Tuesday, November 18, 2008

Prep Fire! Getting Set Up Part 2

Player Aids

Last post I talked about the binders and counter storage solutions I had for my ASL Starter Kits. In this post I'll just finish off talking about other handy gear to have if you're going to be a "serious" ASLer... or at least a serious ASL-newbie.

If you have a single Starter Kit it's a good idea to check the errata on your particular version. SK1 errata is here, and (unofficial) SK2 errata is here, SK3 is here. Print these out asap and leave the printouts with your rulebook.

If you have multiple Starter Kits use the latest one and just print out the latest errata. For example, I have all three SKs and just use the rulebook from SK3 as it has the latest incorporated errata and all the rules from SK1 and 2.

Along with the rulebook you'll want to also keep the QRDC and To-Hit Player Aid Charts handy -- page protectors again. Of course there are amazingly useful non-official player aids out there and I'd recommend:REAMS OF CHARTS!
  • A good Sequence of Play chart which breaks down the exact timing of the game turn elements. My personal favourite is the ASLSK3 SOP at BGG here. Just ignore the bits that do not apply if you are playing SK1 or SK2-only scenarios.

  • The official QRDC not good enough? Try these QRDCs for the full ASL on Ole Bøe's website here. Desperation Morale also has a big set of player aids and "cheat" sheets here.

I keep all of this stuff organized by SK level with the most recent stuff I use repeatedly on top and stored in the SK1 box (the other boxes fit maps and other ASL stuff) so if I need to play I'll just grab the one box, counters and my map condom and go!


Map Protection/Storage

Everyone has their own preference in this regard, almost to the degree of fanaticism that counter storage ellicits. Some people prefer getting a piece of plexiglass or Lexan and getting it chamfered and cut to the size of their regular gaming table or space. I've been told that heading down to your local Home Depot or the like should be the most economical option -- just get them to cut you a piece to size.

My current means of map protection is a "map condom" of sorts. Here's what it looks like in action:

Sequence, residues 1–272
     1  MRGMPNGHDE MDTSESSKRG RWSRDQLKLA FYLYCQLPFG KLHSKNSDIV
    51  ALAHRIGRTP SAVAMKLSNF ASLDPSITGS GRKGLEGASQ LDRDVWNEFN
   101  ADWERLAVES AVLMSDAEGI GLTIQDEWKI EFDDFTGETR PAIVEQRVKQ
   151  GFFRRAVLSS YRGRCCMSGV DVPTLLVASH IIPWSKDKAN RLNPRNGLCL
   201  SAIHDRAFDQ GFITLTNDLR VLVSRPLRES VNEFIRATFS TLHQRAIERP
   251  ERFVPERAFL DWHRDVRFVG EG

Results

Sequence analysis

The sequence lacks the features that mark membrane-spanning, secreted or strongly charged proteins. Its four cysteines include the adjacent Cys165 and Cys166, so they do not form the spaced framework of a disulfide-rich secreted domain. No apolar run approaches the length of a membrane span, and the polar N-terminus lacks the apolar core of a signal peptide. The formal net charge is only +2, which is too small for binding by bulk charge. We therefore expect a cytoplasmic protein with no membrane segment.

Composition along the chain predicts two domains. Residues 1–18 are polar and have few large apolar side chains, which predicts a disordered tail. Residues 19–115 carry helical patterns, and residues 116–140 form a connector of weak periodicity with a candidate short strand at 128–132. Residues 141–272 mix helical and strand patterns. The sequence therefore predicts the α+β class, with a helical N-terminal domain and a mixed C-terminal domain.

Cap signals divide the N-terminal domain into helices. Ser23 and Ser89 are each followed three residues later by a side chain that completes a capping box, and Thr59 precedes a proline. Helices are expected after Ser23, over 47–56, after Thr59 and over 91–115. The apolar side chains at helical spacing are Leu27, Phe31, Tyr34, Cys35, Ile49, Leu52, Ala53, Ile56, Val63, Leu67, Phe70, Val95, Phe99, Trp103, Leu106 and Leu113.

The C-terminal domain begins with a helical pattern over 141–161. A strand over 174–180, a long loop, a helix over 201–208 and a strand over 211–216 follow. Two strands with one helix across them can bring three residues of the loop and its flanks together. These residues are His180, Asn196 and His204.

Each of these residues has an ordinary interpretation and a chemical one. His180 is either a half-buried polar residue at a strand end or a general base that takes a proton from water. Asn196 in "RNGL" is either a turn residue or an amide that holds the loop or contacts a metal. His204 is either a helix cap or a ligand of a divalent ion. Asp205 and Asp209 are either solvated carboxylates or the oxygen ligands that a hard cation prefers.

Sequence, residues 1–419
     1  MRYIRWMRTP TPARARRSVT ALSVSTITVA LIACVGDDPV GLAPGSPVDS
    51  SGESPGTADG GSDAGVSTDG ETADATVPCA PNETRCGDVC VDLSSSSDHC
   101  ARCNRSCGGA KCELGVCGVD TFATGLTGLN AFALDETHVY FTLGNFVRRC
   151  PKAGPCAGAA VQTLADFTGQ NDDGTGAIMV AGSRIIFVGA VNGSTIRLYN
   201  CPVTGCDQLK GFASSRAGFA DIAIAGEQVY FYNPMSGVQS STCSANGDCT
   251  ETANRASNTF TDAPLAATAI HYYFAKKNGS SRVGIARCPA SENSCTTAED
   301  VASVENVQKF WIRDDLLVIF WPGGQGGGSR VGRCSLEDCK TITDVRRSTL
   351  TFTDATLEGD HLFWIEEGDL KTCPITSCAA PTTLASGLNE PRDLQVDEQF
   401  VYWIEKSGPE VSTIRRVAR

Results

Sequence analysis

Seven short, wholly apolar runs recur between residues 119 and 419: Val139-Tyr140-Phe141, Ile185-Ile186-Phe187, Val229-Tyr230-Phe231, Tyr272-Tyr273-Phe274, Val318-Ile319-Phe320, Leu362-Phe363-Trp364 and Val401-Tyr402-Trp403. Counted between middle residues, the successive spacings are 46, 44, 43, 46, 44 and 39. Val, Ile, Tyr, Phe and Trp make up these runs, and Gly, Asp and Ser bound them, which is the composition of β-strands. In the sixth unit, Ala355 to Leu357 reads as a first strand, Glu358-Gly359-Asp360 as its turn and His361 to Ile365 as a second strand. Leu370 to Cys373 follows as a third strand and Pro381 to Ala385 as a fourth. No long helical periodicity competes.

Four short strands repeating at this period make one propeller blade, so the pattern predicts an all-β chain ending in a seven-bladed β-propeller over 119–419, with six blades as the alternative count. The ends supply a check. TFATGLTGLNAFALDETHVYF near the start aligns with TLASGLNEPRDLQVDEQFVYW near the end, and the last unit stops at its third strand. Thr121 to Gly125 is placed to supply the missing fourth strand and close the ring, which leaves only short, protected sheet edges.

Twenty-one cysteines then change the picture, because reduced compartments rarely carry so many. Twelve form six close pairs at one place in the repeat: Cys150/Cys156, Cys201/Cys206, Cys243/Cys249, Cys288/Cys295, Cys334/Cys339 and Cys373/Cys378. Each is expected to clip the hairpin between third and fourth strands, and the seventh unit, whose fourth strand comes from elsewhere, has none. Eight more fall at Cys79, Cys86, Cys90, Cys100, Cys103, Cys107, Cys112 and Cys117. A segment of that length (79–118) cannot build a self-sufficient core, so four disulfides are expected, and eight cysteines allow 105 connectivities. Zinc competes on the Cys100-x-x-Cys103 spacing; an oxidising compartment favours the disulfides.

UGH, LOOK AT MY HAND!The map condom is basically a poster/art display sleeve that is of archival quality. I purchased it in an art supply store where they had differing sizes. Notice that I've put two geomorphic maps side by side here (the most common configuration) with dice for scale comparison. I also bought a larger one for my other wargame maps and when you need to place ASL maps lengthwise. I really prefer this method as the sleeve itself is very portable, relatively inexpensive and was made primarily to show off and protect art and maps. Some ASLers and wargamers use poster frames and these I found are cheap but best only for games where you won't be switching out the maps often.

What Else?

There are a couple of things I didn't talk about like dice rolling mechanisms, clipping and maintaining counters. These things become a concern when you get a little more "into" the hobby. You'll eventually find that rolling dice into your little cardboard piles gets a little tedious and the boxtop of your SK a little cumbersome -- check out dice towers or use a fancypants dice cup (it's a cup...). Later you might find your counters themselves are getting a bit ragged or catching each other on the corners as you push them around. Perhaps it's time for a "counter-clipper"?

Where do you find this stuff if you can't make it yourself? Check out Cabela's or Walmart for the tackle boxes. Home Depot or Lowe's for the plexiglass/Lexan. An art supply store for your map condoms and eBay for your dice towers. And finally, Staples/Business Depot for your umpteen page protectors and binders. Look at it this way, you're doing your part to stimulate our flagging global economy.



Vidal said...

Great Blog. It's great to see people excited enough about their hobby to start blogging. It's too bad you live in Toronto. I live down the 401 in Cambridge. I'm getting back into ASL and decided to start with the SK games. What I'm really glad about is that I never sold off my collection of ASL modules! Some of those suckers are impossible to get!

scrub said...

Hi Vidal, thanks for the comment!

I'm actually in the 'burbs and not in the Big Smoke itself. I have a feeling though that there's a big hidden contingent of closet ASLers in the GTA and southern Ontario that just hasn't been able to garner critical mass until the SKs started to show them how to play.

Any other Ontarians playing ASL out there?